Debugging code in the development or staging phase is a lot easier than the production environment. In the development phase, you’re at the comfort of your favourite debugger or IDE; setting breakpoints, stepping over, stepping into, and shipping fixes.
But when the app leaves this stage and is pushed to production, there are tons of unexpected factors that make your code unstable. These include high scalability, lots of database queries from users, high concurrent usage, unpredicted states or system behavior, and more. As a result, all sorts of wild things may happen.
To debug errors that happen in this environment, you have to embrace a new debugging mindset and plan ahead.
The biggest challenge here would be capturing the actual state that led to an error, including the specific threads, variable values, and everything else that particular piece of code was trying to do.
The Production Debugging Crisis
Every developer has encountered bugs in production - from runtime performance issues and crashes to deadlocks and memory leaks. Sometimes, it is easy to reproduce bugs, but sometimes it’s almost impossible to reproduce them.
Whichever the case, skipping a production bug is never an option. It would either mean loss of money, time, or even worse, outage of critical services.
This puts a lot of pressure to development teams to resolve the issues as quickly as possible. Some reasons why debugging in production more challenging include:
- Bugs that weren’t identified in the development and testing stages are more severe
- It is hard to reproduce errors
- Simulating production environments is a challenge
- Uptime is critical, so normal operations should resume at the earliest convenience.
Diagnosing Production Bugs
When an end-user reports a bug in your application, they never provide enough context on what caused that particular problem. This is why the ability to diagnose production bugs is essential for any developer or front-end engineer.
Before getting to the debugging approaches, here’s some insight into the common types of production bugs.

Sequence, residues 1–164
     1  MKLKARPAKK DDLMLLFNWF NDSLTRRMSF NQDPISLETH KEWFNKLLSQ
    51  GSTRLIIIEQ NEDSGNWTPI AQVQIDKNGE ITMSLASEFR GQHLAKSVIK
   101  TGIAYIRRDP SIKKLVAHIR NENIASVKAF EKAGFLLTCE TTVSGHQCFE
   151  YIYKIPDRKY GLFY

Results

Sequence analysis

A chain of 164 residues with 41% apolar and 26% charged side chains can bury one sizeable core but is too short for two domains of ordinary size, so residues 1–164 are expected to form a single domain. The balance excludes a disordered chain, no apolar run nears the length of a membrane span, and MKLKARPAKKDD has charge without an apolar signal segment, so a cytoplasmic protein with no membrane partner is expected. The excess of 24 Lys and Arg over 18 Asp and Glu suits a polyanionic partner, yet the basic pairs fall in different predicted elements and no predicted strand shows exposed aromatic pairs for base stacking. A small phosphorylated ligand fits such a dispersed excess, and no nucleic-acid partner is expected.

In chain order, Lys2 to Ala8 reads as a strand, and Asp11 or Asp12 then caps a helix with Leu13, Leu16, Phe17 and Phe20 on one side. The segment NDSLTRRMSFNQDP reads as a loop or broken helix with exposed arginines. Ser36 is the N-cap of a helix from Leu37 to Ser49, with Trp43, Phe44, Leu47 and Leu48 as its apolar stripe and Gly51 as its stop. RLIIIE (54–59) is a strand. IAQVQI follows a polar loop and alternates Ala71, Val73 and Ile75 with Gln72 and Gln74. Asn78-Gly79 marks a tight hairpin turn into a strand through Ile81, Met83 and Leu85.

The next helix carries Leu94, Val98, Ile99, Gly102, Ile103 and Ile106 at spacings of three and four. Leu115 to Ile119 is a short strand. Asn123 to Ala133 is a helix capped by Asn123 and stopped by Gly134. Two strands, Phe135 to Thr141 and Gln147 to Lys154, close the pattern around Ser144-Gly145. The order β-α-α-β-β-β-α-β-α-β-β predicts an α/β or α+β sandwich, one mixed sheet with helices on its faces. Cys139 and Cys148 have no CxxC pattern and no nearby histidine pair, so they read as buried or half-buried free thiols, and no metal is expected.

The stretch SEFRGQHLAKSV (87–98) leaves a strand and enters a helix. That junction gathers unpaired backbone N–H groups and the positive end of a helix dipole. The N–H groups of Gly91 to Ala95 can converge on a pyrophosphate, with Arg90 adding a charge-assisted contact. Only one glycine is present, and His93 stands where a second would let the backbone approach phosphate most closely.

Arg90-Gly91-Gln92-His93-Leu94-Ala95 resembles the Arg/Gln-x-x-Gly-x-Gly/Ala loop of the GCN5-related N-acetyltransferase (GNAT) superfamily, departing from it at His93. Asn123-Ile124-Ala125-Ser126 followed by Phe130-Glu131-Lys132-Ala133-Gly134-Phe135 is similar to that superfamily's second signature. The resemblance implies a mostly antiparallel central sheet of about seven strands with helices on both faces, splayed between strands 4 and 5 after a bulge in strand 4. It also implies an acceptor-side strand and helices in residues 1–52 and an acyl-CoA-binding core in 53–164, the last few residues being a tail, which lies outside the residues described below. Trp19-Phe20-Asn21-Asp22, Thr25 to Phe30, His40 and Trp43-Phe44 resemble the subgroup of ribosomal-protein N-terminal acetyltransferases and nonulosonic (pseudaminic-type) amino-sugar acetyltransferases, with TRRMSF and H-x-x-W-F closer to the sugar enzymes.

These are bugs associated with the application’s logic or syntax and are often as a result of end-user operations.
Applications level errors are common and can easily be checked by looking at the log files. They are considered easier to debug and fix because applications might continue running even with the bugs.
Service-level bugs are associated with web servers, databases, and other components that serve or run together with your application. Unlike application-level errors, these do not reside in the regular log folder.
They are usually found in a different folder in the service directory. For instance, the Nginx log file can be found in the /var/log/nginx directory while My SQL is in /var/log.
Debugging is in production is an art that takes time to master. Here are two main approaches that can be used to resolve problems in production.
Logging is undoubtedly the most effective production debugging strategies. It should always be your starting point when investigating a production bug. At first, you should set the application’s logging mechanism to send data to a secure server when you can inspect later.
However, sifting through the log files is not always easy. The best approach would be using a logging solution like Splunk or Loggly. These can help you look at all logs associated with a particular user or session ID.
It’s like seeing how the user interacted with your application during the entire session.
Here are some things you should log to get the full context of an error.
XHR Network Failures — Most web applications load data using XHR. If a request times out or returns a fail status code, you should correlate the unsuccessful request with a bug report. Most HTTP libraries allow you to inject a failure handler. A good approach would be using this to send requests to the server containing details of the failed event.